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Jan Łukasiewicz (Polish: ; 21 December 1878 – 13 February 1956) was a Polish logician and philosopher born in Lwów, which, before the Polish partitions, was in Poland, Galicia, then Austria-Hungary. His work centred on analytical philosophy, mathematical logic, and history of logic. He thought innovatively about traditional propositional logic, the principle of non-contradiction and the law of excluded middle. Modern work on Aristotle's logic builds on the tradition started in 1951 with the establishment by Lukasiewicz of a revolutionary paradigm. The Lukasiewicz approach was reinvigorated in the early 1970s in a series of papers by John Corcoran and Timothy Smiley--which inform modern translations of Prior Analytics by Robin Smith in 1989 and Gisela Striker in 2009.^{[1]} Lukasiewicz is still regarded as one of the most important historians of logic.
He grew up in Lwów and was the only child of Paweł Łukasiewicz, a captain in the Austrian army, and Leopoldina (née Holtzer), the daughter of a civil servant. His family was Roman Catholic.
He finished his gymnasium studies in philology and in 1897 went on to Lwów University, which, before the Polish partitions was in Poland, where he studied philosophy and mathematics. In philosophy he was a pupil of Kazimierz Twardowski.
In 1902, he received a Doctor of Philosophy degree under the patronage of emperor Franz Joseph I of Austria who gave him a special doctor ring with diamonds.
He spent three years as a private teacher, and in 1905 he received a scholarship to complete his philosophical studies at the University of Berlin and the University of Louvain in Belgium.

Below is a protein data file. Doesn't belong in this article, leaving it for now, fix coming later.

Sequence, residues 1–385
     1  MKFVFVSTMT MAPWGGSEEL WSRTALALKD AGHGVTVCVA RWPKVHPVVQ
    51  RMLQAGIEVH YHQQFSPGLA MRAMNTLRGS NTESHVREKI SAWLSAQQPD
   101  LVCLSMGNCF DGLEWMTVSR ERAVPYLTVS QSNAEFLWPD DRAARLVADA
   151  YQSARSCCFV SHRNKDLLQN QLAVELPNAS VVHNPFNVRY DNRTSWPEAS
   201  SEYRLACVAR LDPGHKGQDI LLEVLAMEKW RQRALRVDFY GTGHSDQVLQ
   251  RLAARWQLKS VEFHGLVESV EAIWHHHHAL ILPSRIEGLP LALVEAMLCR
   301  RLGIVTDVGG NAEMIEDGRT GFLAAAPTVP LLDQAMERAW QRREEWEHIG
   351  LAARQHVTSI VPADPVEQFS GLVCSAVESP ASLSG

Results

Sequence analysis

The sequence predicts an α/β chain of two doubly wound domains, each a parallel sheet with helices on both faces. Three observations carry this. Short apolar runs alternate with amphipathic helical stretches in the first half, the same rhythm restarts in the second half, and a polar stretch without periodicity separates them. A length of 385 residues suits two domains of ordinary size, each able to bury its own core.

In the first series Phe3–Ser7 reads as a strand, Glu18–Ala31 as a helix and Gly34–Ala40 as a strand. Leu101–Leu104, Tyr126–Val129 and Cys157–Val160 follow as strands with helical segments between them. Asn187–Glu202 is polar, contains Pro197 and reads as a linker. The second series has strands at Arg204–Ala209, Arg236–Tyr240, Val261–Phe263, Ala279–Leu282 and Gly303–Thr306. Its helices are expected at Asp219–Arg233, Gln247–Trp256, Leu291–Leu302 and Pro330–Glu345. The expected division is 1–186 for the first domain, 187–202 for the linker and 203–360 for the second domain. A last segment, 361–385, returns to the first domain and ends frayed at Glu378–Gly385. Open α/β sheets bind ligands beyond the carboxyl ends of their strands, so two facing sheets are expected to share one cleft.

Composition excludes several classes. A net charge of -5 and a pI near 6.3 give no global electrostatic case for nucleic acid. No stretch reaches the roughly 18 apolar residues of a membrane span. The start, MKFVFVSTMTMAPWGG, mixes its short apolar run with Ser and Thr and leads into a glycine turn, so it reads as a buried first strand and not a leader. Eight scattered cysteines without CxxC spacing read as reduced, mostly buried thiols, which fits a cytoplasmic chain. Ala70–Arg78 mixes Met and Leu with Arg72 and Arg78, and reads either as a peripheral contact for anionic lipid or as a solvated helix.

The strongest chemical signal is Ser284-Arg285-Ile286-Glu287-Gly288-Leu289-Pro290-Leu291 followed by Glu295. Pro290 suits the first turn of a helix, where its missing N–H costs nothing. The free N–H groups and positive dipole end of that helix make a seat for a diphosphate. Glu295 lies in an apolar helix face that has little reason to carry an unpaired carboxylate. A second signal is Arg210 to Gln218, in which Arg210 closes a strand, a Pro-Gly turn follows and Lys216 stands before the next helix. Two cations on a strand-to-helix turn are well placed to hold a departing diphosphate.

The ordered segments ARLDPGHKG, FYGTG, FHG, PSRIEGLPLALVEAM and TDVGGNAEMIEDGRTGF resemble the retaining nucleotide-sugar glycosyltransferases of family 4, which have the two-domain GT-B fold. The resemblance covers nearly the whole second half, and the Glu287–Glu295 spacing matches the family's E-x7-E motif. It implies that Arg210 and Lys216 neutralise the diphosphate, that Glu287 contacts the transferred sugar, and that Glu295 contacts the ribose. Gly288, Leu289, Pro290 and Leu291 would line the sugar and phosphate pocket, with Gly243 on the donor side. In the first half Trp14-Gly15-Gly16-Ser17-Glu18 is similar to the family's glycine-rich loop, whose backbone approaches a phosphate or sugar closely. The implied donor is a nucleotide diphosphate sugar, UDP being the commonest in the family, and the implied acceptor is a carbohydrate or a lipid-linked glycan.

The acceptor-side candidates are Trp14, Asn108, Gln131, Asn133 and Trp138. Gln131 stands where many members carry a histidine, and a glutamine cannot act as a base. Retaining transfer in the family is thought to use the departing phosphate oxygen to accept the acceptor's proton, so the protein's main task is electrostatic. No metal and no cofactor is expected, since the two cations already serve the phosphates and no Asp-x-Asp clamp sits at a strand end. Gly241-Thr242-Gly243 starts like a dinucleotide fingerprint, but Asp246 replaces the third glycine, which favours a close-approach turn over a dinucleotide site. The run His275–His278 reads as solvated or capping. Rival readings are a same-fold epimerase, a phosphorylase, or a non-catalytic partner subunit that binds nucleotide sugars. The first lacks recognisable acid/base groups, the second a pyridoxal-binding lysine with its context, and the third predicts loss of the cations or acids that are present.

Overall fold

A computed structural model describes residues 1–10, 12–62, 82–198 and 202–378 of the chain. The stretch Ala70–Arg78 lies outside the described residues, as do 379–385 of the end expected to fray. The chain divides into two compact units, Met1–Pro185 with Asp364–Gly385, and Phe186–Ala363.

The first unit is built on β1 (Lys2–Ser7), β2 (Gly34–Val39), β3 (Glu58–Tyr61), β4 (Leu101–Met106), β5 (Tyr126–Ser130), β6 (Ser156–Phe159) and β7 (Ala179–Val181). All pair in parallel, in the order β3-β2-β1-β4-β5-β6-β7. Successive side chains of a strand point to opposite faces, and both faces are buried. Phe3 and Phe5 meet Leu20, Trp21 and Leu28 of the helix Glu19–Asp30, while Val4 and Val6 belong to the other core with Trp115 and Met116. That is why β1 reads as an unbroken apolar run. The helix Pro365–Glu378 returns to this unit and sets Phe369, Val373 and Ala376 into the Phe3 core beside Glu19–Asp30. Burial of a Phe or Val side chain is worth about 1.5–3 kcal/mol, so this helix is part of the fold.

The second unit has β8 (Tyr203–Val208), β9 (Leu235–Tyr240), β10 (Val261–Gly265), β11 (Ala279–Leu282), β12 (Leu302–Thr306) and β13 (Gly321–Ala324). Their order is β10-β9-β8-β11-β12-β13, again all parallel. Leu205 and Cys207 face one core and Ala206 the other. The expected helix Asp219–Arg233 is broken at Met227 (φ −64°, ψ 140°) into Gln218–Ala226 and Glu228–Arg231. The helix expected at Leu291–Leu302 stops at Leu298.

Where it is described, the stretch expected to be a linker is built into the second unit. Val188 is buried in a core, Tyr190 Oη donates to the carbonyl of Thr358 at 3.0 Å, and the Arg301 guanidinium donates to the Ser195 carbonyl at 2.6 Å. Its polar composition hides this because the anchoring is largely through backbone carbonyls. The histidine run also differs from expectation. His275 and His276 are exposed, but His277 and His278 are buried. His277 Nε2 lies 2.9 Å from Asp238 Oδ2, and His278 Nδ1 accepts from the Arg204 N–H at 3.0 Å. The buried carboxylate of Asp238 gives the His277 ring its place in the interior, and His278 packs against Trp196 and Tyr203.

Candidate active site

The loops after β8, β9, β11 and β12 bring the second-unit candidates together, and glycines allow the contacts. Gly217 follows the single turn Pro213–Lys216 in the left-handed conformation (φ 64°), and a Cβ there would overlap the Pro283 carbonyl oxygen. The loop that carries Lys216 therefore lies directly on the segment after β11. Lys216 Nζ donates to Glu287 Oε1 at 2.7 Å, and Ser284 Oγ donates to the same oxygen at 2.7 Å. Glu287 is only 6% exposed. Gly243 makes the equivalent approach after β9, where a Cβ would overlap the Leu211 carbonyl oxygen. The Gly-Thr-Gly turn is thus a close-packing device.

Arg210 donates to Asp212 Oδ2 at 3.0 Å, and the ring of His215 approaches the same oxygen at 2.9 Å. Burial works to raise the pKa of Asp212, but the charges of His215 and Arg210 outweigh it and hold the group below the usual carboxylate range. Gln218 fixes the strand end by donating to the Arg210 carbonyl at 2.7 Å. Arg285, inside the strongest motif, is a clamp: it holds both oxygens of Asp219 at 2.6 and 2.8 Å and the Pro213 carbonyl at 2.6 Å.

Łukasiewicz continued studying for his habilitation qualification and in 1906 submitted his thesis to the University of Lwów. In 1906 he was appointed a lecturer at the University of Lwów where he was eventually appointed Extraordinary Professor by Emperor Franz Joseph I. He taught there until the First World War.
In 1915 he was invited to lecture as a full professor at the University of Warsaw which had re-opened after being closed down by the Tsarist government in the 19th century.
In 1919 Łukasiewicz left the university to serve as Polish Minister of Religious Denominations and Public Education in the Paderewski government until 1920. Łukasiewicz led the development of a Polish curriculum replacing the Russian, German and Austrian curricula previously used in partitioned Poland. The Łukasiewicz curriculum emphasized the early acquisition of logical and mathematical concepts.
In 1928 he married Regina Barwińska.
He remained a professor at the University of Warsaw from 1920 until 1939 when the family house was destroyed by German bombs and the university was closed under German occupation. He had been a rector of the university twice. In this period Lukasiewicz and Stanisław Leśniewski founded the Lwów–Warsaw school of logic which was later made internationally famous by Alfred Tarski who had been Leśniewski's student.
At the beginning of World War II he worked at the Warsaw Underground University as part of the secret system of education in Poland during World War II.
He and his wife wanted to move to Switzerland but couldn't get permission from the German authorities. Instead, in the summer of 1944, they left Poland with the help of Heinrich Scholz and spent the last few months of the war in Münster, Germany hoping to somehow go on further, perhaps to Switzerland.